Melnick turned to Porter Square Books for his stock. As he and another parent opened boxes and arranged books last week, he was pleased at how the hand-picked selections from store owner Carol Stolz reflected the school’s multicultural population and included titles by Haitian-American writers. supplied books for Birch Meadow last spring and again last month. ‘‘I guess you could say I’ve seized the moment,’’ says Bookfairs owner Judy Manzo. Her fledgling company, which she spun off from her bookstore, BookEnds in Winchester, grew from seven book fairs last fall to 35 this fall.

Alan Boyko, president of the book fair division of Scholastic Inc., which is a global children’s publishing and media company, says it works hard to respond to a school’s individual requests for books and that even the sales flier can be customized to eliminate products a school doesn’t want to offer. ‘‘We have two goals: to get kids to read and to make our book fair fun,’’ Boyko says. ‘‘It doesn’t resemble a library; it resembles a fair. If ‘Spider-Man’ is what it takes to get a reluctant reader reading, then I’m guilty.’’

When Scholastic introduced book fairs in 1981, it was a way to make books affordable for all readers. Even today an average Scholastic paperback sells for only $3.95.

But Scholastic isn’t just selling books — it’s selling out our children, says Rob Williams, cofounder and president of Action Coalition for Media Education, a Vermont nonprofit promoting media literacy.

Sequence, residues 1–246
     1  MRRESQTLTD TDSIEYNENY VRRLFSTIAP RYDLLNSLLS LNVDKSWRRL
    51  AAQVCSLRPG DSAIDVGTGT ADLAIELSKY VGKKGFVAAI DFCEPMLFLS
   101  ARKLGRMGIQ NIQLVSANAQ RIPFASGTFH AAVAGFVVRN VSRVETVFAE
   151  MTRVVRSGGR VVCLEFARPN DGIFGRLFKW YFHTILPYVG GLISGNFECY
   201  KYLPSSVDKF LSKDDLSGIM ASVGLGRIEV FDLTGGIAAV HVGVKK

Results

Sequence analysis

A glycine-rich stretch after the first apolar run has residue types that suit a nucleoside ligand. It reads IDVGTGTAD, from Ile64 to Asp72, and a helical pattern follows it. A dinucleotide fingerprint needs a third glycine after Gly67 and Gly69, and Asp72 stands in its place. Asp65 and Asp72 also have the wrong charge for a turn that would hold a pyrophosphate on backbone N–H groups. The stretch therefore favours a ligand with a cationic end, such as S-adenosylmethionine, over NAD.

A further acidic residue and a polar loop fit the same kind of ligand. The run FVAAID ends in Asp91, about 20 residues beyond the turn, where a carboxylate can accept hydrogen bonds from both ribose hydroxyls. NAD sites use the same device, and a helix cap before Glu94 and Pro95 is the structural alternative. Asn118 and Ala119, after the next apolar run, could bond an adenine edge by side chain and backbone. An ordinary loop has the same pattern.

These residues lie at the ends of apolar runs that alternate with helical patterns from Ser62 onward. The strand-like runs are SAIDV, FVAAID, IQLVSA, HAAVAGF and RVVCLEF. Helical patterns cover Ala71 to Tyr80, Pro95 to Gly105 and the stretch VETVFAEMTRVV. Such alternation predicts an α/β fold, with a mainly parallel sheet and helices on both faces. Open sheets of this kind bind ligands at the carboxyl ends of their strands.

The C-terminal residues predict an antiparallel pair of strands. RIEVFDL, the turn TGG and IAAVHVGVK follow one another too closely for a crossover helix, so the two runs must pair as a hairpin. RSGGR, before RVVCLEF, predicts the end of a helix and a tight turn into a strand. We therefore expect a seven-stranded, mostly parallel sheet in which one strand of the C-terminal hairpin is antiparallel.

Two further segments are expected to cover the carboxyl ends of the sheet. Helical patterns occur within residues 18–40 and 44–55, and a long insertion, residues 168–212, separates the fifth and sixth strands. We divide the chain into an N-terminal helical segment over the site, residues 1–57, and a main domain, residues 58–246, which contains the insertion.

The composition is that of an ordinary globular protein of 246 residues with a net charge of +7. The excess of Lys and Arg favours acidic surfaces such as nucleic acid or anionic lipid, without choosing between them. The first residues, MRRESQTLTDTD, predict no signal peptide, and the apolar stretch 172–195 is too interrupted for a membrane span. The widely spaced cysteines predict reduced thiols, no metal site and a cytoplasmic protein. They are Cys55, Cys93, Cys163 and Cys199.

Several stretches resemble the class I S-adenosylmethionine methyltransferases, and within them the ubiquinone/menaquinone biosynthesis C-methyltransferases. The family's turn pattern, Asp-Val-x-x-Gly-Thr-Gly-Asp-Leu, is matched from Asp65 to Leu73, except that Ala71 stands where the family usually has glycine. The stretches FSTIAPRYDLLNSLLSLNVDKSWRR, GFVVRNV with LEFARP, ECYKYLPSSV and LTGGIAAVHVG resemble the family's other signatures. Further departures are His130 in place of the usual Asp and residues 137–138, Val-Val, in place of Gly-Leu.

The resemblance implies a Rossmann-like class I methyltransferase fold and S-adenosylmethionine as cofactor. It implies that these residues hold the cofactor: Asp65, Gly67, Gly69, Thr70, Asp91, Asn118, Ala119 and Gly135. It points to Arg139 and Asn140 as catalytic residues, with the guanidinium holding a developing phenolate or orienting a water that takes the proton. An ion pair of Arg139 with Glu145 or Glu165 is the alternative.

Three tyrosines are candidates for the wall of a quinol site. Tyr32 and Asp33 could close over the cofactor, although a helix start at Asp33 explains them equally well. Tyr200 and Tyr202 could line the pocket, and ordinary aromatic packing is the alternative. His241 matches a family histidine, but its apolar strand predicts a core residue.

When schools sell books and products that share characters with a movie or TV show — even products as seemingly innocuous as a blank journal with Dora the Explorer on the front — a child links the school to the marketplace, he says. ‘‘That’s the way a child’s brain processes the connection. It translates [it] to an implied endorsement by the school for the characters and products,’’ Williams says.

He sees another problem, too. ‘‘Kids are drawn to what is familiar and to what is most visually prominent, so they gravitate to the glitzy, colorful superhero covers which Scholastic features,’’ says Williams, a school board member in Waitsfield, Vt., where the elementary school has a commercial-free book fair. ‘‘Here’s why these books aren’t desirable,’’ he adds. ‘‘They weren’t created by an author with a universal story to tell. They were created by a marketer who has a product to sell and he dreams up an appealing character to sell his product to kids.’’